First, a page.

Thursday, June 28, 2012

#339: Hugh Ross

Hugh Ross (not to be confused with Marcus Ross) is an astrophysicist and creationist Christian apologist. According to reliable sources he is Canadian-born, but at least he lives in California and is thus qualified for inclusion in our encyclopedia. He is president of “Reasons to Believe” (that’s Fuz Rana’s home organization as well) and may be related to the vice president of that organization, one Kathy Ross.

Hugh Ross has a PhD in astronomy and astrophysics, and appears to know what he is talking about – to his credit he has avidly criticized young earth creationists such as Russell Humphreys for their utterly delusional, ad hoc approaches to the distant starlightproblem. On the other hand, his own theologically inspired ramblings aren’t quite founded on science either.

His attempts to reconcile an old universe with a literal interpretation of Genesis itself engenders some ad hoc hypotheses (the Flood was local, day-age, and so on). Young earth creationist critics of course latches on to that like fleas, failing to realize that ad hoc hypotheses concerning religious beliefs are – for obvious reasons – more easily sustained than scientific ones.

Ross has even granted that Intelligent Design per today is not a scientific hypothesis and should not be taught in schools. Luckily, he does have his own “testable” version at hand. His view of testability is peculiar, by the way: He claims that “UFO's come from the Devil”, and points out that it can be tested as follows: “according to the Bible” demons only attack people who dip into the occult and make themsleves vulnerable. Hence, “[a]ll that is necessary to further prove the conclusions of demonic involvement […] is to continue surveying people to ascertain who has encounters with residual UFO's and who does not. If the demonic idenficiation of the RUFO phenomenon is correct, researchers should continue to observe a correlation between the degree of invitations in a person's life to demonic attacks (for example, participation in seances, Uija games, astrology, spiritualism, witchcraft, palm reading, and psychicreading) and the proximity of their residual UFO encounters.” (more here). If you fail to see the problems here, you don’t know enough about scientific methodology.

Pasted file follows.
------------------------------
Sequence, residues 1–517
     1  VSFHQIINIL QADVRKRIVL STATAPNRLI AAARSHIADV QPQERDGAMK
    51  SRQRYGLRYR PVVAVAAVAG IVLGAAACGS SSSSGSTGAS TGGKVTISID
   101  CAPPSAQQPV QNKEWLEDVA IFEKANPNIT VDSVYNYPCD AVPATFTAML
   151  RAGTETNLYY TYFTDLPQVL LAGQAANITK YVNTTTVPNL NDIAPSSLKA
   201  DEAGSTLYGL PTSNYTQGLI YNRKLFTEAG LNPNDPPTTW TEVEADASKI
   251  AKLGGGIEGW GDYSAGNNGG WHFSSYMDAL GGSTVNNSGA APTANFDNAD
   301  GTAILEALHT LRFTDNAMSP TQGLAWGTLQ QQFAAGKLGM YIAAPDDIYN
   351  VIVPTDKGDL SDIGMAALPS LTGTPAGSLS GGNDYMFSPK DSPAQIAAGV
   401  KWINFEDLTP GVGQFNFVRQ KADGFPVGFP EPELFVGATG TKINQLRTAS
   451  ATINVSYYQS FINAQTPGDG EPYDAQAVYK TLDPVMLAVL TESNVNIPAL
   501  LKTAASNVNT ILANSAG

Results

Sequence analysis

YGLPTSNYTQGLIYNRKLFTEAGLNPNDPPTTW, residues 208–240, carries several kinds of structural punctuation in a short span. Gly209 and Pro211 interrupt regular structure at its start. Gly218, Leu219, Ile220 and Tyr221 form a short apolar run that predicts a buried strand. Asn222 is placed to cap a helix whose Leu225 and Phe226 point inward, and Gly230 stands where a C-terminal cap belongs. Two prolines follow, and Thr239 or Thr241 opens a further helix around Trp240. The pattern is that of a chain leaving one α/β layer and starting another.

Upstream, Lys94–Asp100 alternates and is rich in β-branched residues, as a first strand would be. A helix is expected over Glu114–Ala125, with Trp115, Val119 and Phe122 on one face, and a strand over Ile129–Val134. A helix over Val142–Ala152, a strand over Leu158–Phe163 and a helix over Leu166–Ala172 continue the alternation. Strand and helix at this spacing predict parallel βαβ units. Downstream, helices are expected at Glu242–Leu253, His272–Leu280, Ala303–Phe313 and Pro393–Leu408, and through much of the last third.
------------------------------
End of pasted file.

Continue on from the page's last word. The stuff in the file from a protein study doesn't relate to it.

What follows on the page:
Ross, however, thinks there are reasons to wonder why scientists won’t test his hypothesis. Oh, of course we know: “One reason why research scientists and others may be reluctant to say that demons exist behind residual UFO's is because such an answer points too directly to a Christian interpretation of the problem.” Since scientists are atheists, they wouldn’t want to do that, would they? Seems that Ross has borrowed the UFO idea from Norm Geisler; our old friend Gary Bates also has something to say.

Ross claims that evolution is impossible in anything but bacteria. So how does Ross explain the transitional fossils for large animals? “God loves horses and whales. He knows because of their huge size and small populations that they will go extinct rapidly. When they do, he makes new ones.” That, apparently, is the testable hypothesis supposed to replace evolution. At least Martin Gaskell is a fan.

Worthwhile responses to Rusty Lopez’s strongly Ross-inspired “testable creation hypothesis” are here and here.

Diagnosis: The fact that Ross, by comparison to most young earth creationists, comes across as eminently reasonable should not be allowed to obscure the fact that he is a loon. It just tells you more about the profundity of young earth lunacy.

1 comment:

  1. The acumen of Hugh Ross and company is brilliantly on display here.